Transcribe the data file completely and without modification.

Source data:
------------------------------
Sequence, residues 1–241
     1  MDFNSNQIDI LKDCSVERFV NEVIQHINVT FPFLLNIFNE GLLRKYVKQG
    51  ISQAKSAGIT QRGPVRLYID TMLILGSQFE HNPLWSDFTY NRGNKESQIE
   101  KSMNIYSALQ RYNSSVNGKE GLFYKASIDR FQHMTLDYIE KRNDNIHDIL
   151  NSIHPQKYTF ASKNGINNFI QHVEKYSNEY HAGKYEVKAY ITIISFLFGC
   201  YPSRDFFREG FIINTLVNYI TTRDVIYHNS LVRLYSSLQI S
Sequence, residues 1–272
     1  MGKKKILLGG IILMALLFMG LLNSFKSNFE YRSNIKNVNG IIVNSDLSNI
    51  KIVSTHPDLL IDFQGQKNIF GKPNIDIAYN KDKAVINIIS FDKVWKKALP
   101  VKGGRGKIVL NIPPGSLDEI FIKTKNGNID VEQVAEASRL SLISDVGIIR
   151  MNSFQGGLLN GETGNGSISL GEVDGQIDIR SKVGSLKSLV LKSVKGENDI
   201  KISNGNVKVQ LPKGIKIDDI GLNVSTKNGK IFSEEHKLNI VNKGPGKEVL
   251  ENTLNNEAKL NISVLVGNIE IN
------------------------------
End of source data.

Sequence, residues 1–241
     1  MDFNSNQIDI LKDCSVERFV NEVIQHINVT FPFLLNIFNE GLLRKYVKQG
    51  ISQAKSAGIT QRGPVRLYID TMLILGSQFE HNPLWSDFTY NRGNKESQIE
   101  KSMNIYSALQ RYNSSVNGKE GLFYKASIDR FQHMTLDYIE KRNDNIHDIL
   151  NSIHPQKYTF ASKNGINNFI QHVEKYSNEY HAGKYEVKAY ITIISFLFGC
   201  YPSRDFFREG FIINTLVNYI TTRDVIYHNS LVRLYSSLQI S
Sequence, residues 1–272
     1  MGKKKILLGG IILMALLFMG LLNSFKSNFE YRSNIKNVNG IIVNSDLSNI
    51  KIVSTHPDLL IDFQGQKNIF GKPNIDIAYN KDKAVINIIS FDKVWKKALP
   101  VKGGRGKIVL NIPPGSLDEI FIKTKNGNID VEQVAEASRL SLISDVGIIR
   151  MNSFQGGLLN GETGNGSISL GEVDGQIDIR SKVGSLKSLV LKSVKGENDI
   201  KISNGNVKVQ LPKGIKIDDI GLNVSTKNGK IFSEEHKLNI VNKGPGKEVL
   251  ENTLNNEAKL NISVLVGNIE IN